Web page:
Wrong information can be the difference between adoption and death.
As a dog owner, I feel guilty leaving my hounds in their kennel for even a few hours. Dogs belong with their human companions; curled up by the fire, lounging on the couch, chilling by the fridge hoping to snag a piece of dropped cheese.
Don't get us wrong, we love the cheer that lights up chilly December, but to the directors of a no-kill animal shelter in NYC, holidays spell little more than disaster for thousands of momentarily-loved pets in Manhattan alone.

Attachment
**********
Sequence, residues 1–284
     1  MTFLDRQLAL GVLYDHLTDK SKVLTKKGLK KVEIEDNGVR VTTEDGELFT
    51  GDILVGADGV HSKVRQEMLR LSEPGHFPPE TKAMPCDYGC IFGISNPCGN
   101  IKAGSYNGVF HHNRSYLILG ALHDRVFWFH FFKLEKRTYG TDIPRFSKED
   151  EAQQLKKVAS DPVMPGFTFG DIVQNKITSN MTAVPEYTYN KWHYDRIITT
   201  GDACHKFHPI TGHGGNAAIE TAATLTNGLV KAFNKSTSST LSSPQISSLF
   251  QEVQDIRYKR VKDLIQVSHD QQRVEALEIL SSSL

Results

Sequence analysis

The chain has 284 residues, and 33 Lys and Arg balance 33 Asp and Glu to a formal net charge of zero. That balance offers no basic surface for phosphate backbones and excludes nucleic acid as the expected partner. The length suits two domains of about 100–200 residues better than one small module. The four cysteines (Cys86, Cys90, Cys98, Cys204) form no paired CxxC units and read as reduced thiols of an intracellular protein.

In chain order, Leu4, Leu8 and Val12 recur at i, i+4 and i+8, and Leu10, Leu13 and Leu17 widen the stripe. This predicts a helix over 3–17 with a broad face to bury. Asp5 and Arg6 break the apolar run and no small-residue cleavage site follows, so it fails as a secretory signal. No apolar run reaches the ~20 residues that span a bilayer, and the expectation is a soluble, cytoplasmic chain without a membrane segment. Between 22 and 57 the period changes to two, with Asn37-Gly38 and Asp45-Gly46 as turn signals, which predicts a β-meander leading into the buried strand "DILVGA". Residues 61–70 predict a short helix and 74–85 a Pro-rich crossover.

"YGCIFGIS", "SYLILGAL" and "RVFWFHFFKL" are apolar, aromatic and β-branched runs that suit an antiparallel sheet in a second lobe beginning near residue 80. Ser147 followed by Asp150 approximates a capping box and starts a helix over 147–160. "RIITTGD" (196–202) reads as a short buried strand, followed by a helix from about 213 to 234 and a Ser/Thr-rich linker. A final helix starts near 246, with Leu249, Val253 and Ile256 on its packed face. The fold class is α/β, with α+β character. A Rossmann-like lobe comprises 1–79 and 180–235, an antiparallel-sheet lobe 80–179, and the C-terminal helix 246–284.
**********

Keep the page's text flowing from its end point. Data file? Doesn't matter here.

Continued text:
Very few animals who enter the shelter system come out alive; instead, a high proportion are euthanized, often in horrific gas chambers, in spite of volunteer networks scurrying to place adoptable shelter dogs in homes before their short time runs out.
How do I know who you are? Because the people at Animal Control gave me Cocoa's intake sheet. You know, the one you filled out. The one that said Cocoa was 12 years old and you'd had her all those years. I just couldn't understand why someone would dump a family member.
After adopting his first dog last year, a pit bull named Trooper, Emmy-nominated television producer, Michael Levitt, felt compelled to go further, and added animal rescue -- specifically pit bulls -- to his slate of productions.